Verizon, Tillamook and Animal Planet Are More Than Meets the Eye – Event Marketer

Verizon, Tillamook and Animal Planet Are More Than Meets the Eye – Event Marketer

Verizon, Tillamook and Animal Planet Are More Than Meets the Eye

When it comes to taking a new brand to market, sometimes it pays to be mysterious, like Verizon did for its launch of the Droid mobile phone in its shipping container showroom. Other times, a brand’s vehicle needs to show the epitome of brand identity, like Tillamook’s Loaf Love buses that resemble, you guessed it, a loaf of cheese. And sometimes, it’s all about the buzz, like the smart car-turned-piranha-mobiles used for Animal Planet’s “River Monsters” season premiere. No matter what the goal, it might make sense to follow the example of these brands and transform an otherwise stock object into the perfect venue for that next tour. Autobots, roll out:

Before the launch of the much-anticipated Droid smartphone at the end of 2009, Verizon dropped industrial-looking, sealed shipping containers in five markets to build buzz and generate excitement. A large exterior clock counted down the days, hours, minutes and seconds until Droid hit the market. The real draw came on release day, however, when the containers suddenly popped open to reveal a Droid showroom, filled with phones by Motorola and HTC for sale and available for testing. The key for Verizon was to keep the mystery and excitement building as long as possible, while reinforcing the industrial image of the Droid brand, which was all accomplished via the unconventional containers (Agency: Marketing Werks, Chicago).

To celebrate its 100th anniversary, Oregon-based Tillamook Cheese shut the dairy farm gates behind it and hit the open road this year on The Loaf Love Tour, set to hit 10 states and 25 cities over 11 months. At the center of the tour is a fleet of Loaf Love Buses: 1967 Volkswagen buses shortened by four feet, lowered by one foot and refurbished as replicas of Tillamook’s baby cheddar cheese loaves.

“We know that if people taste our cheese, especially our cheddar, that they realize that all cheddars are not created equal and that we have the best tasting cheddar,” says John Russell, senior director-marketing at Tillamook. “Then the trick was how do we do it in a special way, because we didn’t just want to do traditional in-store sampling.”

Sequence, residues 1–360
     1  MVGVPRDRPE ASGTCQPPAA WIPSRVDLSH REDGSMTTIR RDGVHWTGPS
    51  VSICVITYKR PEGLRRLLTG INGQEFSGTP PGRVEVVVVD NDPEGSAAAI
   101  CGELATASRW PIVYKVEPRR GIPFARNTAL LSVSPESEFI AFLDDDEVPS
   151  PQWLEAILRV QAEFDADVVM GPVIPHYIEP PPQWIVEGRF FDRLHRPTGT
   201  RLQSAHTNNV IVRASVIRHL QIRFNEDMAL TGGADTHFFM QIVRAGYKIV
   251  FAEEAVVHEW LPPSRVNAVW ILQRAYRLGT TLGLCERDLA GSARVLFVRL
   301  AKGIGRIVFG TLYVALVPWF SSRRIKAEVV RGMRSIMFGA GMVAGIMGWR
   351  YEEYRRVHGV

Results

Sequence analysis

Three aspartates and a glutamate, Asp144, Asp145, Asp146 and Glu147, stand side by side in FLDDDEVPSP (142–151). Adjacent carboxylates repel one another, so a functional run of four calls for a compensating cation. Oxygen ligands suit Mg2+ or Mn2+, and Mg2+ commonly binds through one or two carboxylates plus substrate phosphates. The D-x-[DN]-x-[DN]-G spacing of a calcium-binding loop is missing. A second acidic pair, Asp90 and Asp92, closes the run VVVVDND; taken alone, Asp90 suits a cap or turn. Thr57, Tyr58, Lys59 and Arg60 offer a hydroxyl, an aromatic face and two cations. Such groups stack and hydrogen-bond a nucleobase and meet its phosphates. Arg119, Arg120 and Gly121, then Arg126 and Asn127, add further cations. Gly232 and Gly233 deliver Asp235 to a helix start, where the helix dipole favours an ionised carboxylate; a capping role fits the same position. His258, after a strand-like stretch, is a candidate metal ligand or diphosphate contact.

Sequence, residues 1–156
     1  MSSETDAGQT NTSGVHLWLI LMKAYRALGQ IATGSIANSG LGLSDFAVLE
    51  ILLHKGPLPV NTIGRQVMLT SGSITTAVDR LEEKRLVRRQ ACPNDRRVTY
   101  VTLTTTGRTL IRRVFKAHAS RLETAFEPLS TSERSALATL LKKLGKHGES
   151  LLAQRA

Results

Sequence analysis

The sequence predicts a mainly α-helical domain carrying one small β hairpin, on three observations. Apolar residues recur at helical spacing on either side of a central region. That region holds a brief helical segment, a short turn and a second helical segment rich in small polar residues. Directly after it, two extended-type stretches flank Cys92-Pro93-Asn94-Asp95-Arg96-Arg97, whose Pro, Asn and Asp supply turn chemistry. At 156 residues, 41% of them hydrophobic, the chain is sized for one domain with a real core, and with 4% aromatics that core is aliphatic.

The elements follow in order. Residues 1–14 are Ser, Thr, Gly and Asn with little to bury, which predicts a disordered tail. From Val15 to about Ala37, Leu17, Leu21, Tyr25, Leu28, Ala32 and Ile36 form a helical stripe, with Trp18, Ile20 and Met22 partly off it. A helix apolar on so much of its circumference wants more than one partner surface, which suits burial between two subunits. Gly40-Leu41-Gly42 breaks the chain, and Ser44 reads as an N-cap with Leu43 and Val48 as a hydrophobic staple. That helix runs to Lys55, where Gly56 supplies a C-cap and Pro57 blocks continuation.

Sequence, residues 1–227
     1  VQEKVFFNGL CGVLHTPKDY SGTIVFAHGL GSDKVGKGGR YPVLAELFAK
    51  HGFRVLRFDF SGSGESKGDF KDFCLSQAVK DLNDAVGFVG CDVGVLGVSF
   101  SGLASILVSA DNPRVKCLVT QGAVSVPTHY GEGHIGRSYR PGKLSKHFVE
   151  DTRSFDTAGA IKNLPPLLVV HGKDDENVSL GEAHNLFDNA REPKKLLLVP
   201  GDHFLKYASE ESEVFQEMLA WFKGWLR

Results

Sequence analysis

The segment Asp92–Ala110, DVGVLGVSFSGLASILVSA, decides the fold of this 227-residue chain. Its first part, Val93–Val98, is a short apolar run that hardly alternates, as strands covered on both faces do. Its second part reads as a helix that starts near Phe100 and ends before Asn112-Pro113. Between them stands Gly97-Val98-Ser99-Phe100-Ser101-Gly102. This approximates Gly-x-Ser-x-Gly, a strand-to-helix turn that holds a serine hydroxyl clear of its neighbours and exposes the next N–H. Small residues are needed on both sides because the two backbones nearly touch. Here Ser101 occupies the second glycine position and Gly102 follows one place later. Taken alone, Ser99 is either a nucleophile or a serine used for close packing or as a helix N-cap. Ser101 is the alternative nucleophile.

The baby buses make stops at retail chains where they serve as eye candy to lure customers to the experience, which includes the Love Loaf Lounge, a sampling tent where customers can taste the cheese and grab coupons and recipes. Kiosks are available for consumers to sign up for the Tillamook fan club as well as upload consumer photos to enter to win branded merchandise like buttons saying “Loaf Thy Neighbor” and “I Loaf You” (Agency: Henry V, Portland, OR).

Animal Planet
To promote the April 25 second season premiere of “River Monsters,” Animal Planet unleashed five tricked out smart cars made to look like a swimming school of piranhas on the streets of New York City. From April 21 to 24, street teams—five drivers and five “monster anglers”—wearing branded fishing vests intercepted consumers to hand out branded hats, koozies and tune-in cards.

The piranha smart cars were built with 3D details, like protruding aluminum fins and teeth as front bumpers. On the rear, the vehicles sported an LCD TV playing previews of the show on a loop. The street teams visited city hotspots like Columbus Circle, Grand Central Terminal, Penn Station, Times Square and Central Park.
“We felt that the smart cars dressed as piranhas, traveling as a school of fish, would be a good way to draw attention to the return of our hit show, ‘River Monsters,’” says Noha Abdalla, senior marketing director at Animal Planet. “Our objective with the piranha cars stunt was to create buzz around the return of our highest-rated series ever” (Agency: Pierce, Portland, ME).  EM

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